As it relates to patient privacy, differing frameworks for consumer data and HIPPA regulation should be taken into consideration. Depending on the business, relevant legislation can vary drastically. Founders should know what components will relate to the business over time and develop standards that enable engineers to easily follow compliance protocol. This helps companies avoid technical debt and makes the product more attractive to clinicians.
A/B testing is a natural extension of randomized clinical trials. Every time a patient interacts with a product represents an opportunity to record data for clinical validation. Product teams should utilize development guidelines and research frameworks in order to facilitate the flow of data gathering for clinical trials. Effective, continuous testing procedures will drive improved efficacy and support streamlined clinical validation processes.
Providers are more likely to adopt digital health solutions that are reimbursed by payors. This can pose a challenge for startups, as carriers operating under fee-for-service models may not consider innovative products until short-term ROI has been demonstrated.
For these reasons, we recommend focusing outreach efforts on carriers that offer value-based care models. These organizations are typically early adopters of innovative care solutions because they are incentivized to promote holistic, long-term health in their patient populations. Medicare and Medicaid currently offer reimbursement for remote patient monitoring applications and private payors are beginning to follow suit. For example, Blue Cross Blue Shield of North Carolina has launched initiatives to incorporate digital therapeutics into its value-based plans. The carrier will offer reimbursements for applications related to behavioral health, making it easier for doctors to prescribe these solutions.
Clinical Validation & Regulatory Approval
Naturally, providers value empirical evidence supporting product safety and clinical efficacy. In the U.S., FDA approval is the gold standard. For less critical applications, white papers or internal studies may be sufficient. In 2017, Pear Therapeutics became one of the first companies to gain FDA clearance for a digital therapeutic. Since then, many companies have followed suit.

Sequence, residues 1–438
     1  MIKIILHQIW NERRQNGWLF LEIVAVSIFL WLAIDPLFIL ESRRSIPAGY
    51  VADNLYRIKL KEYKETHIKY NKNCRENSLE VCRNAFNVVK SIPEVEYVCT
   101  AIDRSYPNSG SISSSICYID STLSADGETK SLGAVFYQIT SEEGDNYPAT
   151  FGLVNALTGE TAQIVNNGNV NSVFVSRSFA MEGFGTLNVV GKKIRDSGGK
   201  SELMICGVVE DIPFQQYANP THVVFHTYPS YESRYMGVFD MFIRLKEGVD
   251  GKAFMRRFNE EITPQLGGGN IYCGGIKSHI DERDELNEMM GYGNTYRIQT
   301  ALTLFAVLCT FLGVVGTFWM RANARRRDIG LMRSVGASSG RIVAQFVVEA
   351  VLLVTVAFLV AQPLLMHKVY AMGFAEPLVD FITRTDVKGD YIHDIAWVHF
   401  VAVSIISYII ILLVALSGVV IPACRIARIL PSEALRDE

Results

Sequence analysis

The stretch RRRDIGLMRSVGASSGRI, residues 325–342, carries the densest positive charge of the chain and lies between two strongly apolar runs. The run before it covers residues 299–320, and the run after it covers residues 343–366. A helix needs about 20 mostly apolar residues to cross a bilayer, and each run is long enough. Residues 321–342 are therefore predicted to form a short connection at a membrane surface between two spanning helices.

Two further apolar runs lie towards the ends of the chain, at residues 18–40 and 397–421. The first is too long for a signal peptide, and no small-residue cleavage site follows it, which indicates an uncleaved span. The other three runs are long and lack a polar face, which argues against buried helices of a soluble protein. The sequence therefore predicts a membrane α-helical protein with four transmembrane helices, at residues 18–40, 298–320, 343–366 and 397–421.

Clinical trials preceding FDA validation for digital therapeutics can exhibit a wide range of costs (typically $1M – $3M) and last multiple years. Therefore, integrating pre-approved devices into a unified solution suite can be a more efficient alternative. Omada Health used this approach when it integrated FDA-cleared blood pressure cuffs and glucometers into its software offering.
Outlining a strategy for clinical validation can help founders gauge if they will benefit from FDA clearance. If formal approval won’t move the needle, leave it to the large players with extensive resources to pursue the regulatory pathway.
Team is the most important factor in any startup, and it takes unique depth to build a digital health company that drives clinical results. Founders need employees who understand clinical science, data science, experimental approaches, and behavioral science, in addition to product and UI. While companies should value capital efficiency, early investment in a superior team is essential.
Patrick Steele, CIO Advisory Chair at Blumberg Capital and a board member at CommonSpirit Health, says: “Change is inevitable, and growth is optional.” Providers and health systems that do not adopt digital engagement and behavioral applications will fall behind. Startups that do not understand specific requirements of the healthcare ecosystem will not succeed. At Blumberg Capital, we are excited to work with founders who seek to relentlessly drive change and ultimately, a healthcare system that exhibits proactive response to innovation in care practices.